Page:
General Chiang began his official career as an expectant Taotai in the Ching Dynasty. Before he came to Peking he was the Brigade-General in command of Hanchung Garrison. In July 1912 General Chiang became Acting Commander-in-Chief of the Metropolitan Gendarmiere and also Deputy Lieutenant-General of the Bordered Red Chinese Banner. In December 1912 the first mentioned post was substantiated to him.
In May 1917 General Chiang was awarded the First Order of Wenfu, the highest military order. About the same time he was appointed Assistant Commander of the forces for the maintenance of order in Peking and Tientsin. In June 1917 General Chiang accepted the post of Acting Premier and countersigned President Li Yuan-hung’s mandate dissolving the Parliament. In the beginning of July General Chang Hsun made the attempt to restore the old monarchy. General Chiang being an old official of the Ching Dynasty was soon favored with two appointments, Commder-in-Chief of the Imperial Metropolitan Gendarmerie and Director-General of the Peking Octroi. The monarchical restoration did not last long as Chang Hsun’s forces were soon brought into subjection by Marshal Tuan Chi-jui’s army. All those who had accepted appointments from the coup d’etat were suspected of sympathy to Chang Hsun.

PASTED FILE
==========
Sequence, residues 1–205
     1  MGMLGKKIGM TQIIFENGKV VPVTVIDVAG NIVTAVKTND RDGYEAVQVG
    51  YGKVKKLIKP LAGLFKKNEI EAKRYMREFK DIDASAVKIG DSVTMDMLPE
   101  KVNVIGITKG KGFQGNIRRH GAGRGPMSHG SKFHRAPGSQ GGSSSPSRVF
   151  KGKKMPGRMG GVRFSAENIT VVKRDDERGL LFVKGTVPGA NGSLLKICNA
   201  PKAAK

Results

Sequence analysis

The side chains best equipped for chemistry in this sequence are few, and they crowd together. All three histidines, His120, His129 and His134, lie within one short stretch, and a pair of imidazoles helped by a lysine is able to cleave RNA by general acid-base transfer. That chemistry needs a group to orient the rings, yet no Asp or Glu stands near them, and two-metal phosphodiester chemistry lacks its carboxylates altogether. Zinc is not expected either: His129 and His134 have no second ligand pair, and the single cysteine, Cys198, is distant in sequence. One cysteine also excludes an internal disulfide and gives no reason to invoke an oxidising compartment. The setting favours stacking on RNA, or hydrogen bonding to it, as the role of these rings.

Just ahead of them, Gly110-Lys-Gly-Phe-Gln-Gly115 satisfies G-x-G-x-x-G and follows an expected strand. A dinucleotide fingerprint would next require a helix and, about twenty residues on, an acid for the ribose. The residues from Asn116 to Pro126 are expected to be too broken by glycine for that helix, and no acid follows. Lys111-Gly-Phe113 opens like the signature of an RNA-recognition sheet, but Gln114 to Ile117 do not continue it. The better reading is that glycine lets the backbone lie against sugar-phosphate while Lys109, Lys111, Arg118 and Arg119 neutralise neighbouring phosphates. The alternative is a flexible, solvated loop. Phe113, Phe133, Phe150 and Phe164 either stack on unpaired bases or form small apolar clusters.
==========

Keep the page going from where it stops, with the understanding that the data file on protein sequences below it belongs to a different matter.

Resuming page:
General Chiang consequently resigned from all the posts that he had been hitherto holding and retired into private life in Peking where he was considered a leading citizen. In August 1917 he was created a Chiang Chun of the Chiang Chun Fu or the College of Marshals with the special title of two words “Ti Wei.” In October 1922 President Li Yuan-hung conferred upon General Chiang the Third Order of Merit in recognition of the service he had rendered to the country during the first few years of the Republic.